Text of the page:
In 2002, already seeing what peak oil and climate change could bring to his community, Lester Germanio decided he needed to do something. So, given his background as an engineer and architect, he set out to do what he knew how to: on a bit of land just outside downtown Austin, he began building a sustainable homestead with the goal of supporting 8 people from one small bit of land. “All I can do is show solutions,” he told us when we visited. “I come from an architecture background, and this is my solution. Simple and fringe as it looks, this is what I can do.”
Today, Lester’s house has become Food Water Shelter. “It is supposed to be a demonstration urban homestead that would be functional off grid, all this in anticipation of things like peak oil, climate change, and economic challenges, all of which we’re seeing now that weren’t so apparent in 2002.” The land includes living space for 8 people (Lester and his immediate family), as well as an aquaponic growing system meant to provide them with all the fresh fruits, vegetables and fish they can eat, with some left over for sale or barter. Energy will come from solar panels, though passive solar design makes energy consumption lower than it might otherwise be, with no need for air conditioning even in the oppressive Texas summer heat. On the day we visited it was almost 100° in the sun but the uphill segments of the house remained cool thanks to a refreshing breeze.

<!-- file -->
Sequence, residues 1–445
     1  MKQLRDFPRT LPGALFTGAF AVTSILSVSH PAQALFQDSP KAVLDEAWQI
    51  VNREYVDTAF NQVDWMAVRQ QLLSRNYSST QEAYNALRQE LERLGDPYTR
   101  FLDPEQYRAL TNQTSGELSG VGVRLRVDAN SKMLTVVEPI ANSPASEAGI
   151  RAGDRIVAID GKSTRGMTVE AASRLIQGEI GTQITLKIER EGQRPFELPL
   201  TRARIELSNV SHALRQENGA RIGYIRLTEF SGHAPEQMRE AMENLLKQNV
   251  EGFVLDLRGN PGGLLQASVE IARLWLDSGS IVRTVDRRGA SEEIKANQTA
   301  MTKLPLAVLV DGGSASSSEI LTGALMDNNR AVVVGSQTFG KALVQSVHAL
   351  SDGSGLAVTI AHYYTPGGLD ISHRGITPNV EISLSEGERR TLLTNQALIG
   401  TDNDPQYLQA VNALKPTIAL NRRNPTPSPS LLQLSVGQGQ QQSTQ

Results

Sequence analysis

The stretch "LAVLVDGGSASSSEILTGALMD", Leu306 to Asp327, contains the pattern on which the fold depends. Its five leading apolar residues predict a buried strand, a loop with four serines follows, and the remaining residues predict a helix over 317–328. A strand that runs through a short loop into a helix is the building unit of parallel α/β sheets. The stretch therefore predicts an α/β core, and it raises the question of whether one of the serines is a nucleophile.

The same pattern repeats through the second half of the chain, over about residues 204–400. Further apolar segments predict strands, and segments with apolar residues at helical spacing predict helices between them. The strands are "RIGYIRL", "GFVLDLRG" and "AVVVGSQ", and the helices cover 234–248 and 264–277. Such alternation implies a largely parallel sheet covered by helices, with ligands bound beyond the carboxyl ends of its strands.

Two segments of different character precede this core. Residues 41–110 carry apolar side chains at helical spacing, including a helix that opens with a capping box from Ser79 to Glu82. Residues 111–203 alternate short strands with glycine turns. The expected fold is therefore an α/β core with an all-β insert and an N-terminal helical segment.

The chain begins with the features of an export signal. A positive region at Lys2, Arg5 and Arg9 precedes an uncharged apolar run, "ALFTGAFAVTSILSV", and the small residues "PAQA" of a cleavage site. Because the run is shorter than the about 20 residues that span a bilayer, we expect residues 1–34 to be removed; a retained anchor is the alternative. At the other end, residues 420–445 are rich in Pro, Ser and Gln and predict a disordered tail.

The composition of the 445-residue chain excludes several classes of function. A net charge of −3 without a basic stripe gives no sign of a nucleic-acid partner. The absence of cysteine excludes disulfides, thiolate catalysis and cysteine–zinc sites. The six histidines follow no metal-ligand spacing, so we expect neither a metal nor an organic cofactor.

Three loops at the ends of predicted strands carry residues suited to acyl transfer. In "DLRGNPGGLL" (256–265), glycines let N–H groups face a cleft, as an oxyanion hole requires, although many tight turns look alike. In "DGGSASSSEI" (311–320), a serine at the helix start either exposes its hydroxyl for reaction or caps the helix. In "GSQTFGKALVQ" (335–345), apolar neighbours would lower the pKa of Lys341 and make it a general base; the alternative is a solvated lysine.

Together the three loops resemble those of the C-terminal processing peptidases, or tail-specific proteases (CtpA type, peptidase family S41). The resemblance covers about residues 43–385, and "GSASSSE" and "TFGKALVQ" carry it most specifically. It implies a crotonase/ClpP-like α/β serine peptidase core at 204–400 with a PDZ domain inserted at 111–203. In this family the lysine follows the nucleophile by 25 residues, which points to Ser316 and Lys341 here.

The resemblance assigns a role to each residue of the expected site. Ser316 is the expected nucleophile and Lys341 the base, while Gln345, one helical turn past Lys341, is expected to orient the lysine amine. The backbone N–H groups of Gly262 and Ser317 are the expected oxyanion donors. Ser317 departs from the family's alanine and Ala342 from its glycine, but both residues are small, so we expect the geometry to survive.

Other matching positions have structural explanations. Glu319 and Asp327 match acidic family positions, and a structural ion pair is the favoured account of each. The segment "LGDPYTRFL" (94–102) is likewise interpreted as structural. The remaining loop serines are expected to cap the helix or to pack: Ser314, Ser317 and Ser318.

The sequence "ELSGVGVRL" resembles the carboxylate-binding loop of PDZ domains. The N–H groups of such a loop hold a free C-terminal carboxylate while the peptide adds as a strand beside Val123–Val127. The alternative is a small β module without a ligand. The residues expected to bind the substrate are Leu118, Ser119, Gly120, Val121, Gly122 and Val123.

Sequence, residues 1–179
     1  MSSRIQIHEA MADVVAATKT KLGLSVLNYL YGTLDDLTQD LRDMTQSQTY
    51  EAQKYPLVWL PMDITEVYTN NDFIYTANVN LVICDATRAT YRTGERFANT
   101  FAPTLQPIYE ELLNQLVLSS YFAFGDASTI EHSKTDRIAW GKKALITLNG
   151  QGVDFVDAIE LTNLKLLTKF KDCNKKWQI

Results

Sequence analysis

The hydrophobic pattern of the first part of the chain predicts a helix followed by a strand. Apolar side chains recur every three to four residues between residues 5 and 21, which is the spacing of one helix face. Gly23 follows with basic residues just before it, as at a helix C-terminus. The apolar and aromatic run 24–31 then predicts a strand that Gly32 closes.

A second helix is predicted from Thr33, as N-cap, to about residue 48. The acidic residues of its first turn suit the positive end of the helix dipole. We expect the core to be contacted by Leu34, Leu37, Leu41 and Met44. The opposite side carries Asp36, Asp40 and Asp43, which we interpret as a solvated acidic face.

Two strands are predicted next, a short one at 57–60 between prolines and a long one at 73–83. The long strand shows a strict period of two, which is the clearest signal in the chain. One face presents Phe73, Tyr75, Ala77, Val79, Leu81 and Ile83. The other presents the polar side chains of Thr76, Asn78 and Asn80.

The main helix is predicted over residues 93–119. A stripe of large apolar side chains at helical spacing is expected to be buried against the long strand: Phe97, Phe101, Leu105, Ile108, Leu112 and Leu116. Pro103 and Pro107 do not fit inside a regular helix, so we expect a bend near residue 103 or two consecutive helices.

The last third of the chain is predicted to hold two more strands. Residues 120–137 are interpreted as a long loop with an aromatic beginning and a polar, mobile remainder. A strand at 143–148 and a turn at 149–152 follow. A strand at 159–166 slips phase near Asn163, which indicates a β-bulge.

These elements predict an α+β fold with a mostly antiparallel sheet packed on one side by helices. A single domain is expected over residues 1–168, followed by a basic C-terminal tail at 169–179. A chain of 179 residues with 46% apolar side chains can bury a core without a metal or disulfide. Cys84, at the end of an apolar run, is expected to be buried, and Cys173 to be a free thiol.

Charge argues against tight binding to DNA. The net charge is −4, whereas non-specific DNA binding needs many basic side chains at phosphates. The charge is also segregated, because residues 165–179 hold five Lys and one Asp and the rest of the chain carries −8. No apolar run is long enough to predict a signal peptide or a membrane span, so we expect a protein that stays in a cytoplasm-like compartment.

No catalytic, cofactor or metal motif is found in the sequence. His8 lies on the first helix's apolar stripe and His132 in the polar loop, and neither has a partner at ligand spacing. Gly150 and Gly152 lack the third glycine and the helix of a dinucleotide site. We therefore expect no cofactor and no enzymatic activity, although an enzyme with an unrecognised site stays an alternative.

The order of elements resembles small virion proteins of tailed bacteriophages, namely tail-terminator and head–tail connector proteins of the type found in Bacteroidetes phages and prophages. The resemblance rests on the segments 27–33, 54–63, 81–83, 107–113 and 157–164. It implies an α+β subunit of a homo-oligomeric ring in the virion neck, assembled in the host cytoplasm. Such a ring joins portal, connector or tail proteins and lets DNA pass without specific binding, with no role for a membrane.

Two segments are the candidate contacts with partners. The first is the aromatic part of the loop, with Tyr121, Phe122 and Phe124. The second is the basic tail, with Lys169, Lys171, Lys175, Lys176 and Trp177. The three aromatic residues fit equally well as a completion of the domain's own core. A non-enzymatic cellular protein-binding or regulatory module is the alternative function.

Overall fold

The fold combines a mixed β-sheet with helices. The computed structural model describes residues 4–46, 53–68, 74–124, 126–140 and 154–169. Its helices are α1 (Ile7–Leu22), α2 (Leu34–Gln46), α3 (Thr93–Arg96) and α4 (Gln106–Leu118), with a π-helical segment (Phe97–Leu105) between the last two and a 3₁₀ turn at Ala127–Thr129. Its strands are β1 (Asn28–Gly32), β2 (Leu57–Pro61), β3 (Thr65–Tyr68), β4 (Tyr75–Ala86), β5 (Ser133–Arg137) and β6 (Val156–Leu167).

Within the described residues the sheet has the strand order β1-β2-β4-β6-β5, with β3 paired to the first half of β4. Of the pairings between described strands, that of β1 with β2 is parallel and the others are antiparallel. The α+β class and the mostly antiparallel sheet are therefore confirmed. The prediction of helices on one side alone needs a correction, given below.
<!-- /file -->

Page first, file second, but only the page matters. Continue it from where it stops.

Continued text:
The house also includes a rain water catchment system that is able to harvest up to 40,000 gallons of water for every 9 inches of rain. Combined with intelligent water use (composting toilets for instance can make a tremendous difference in household water consumption) and 18 inches of rain a year, the house should be self-sufficient in water as well.
“I’m doing this little thing,” Lester said as we sat down to lunch later, “but I think it’s an important component of a bigger system. This could easily be a prototype of an eco-village, of sustainable homesteads, and if you start having a homestead in an eco-village, and it’s one part of a network that support cities, that makes cities sustainable.”
The garden gate says it all. “I tried to symbolize in it the things we have to work with: the sun, the wind, the rain, the soil. Those are the things, if you’re completely sustainable, that’s all you have to work with.”
Construction hasn’t been without its challenges, including the overzealous local mayor who was a little less than enthusiastic about having a self-sufficient homestead in a neighborhood usually reserved for Austin’s ultra-rich, launching a criminal case against Lester for imaginary code violations. After the government spent over $150,000 pursuing the case, it was dismissed by a judge and Lester’s project has continued. The house is expected to be finished by fall 2011.
To find out more about how the experiment is going, visit: http://groups.yahoo.com/group/FoodWaterShelter/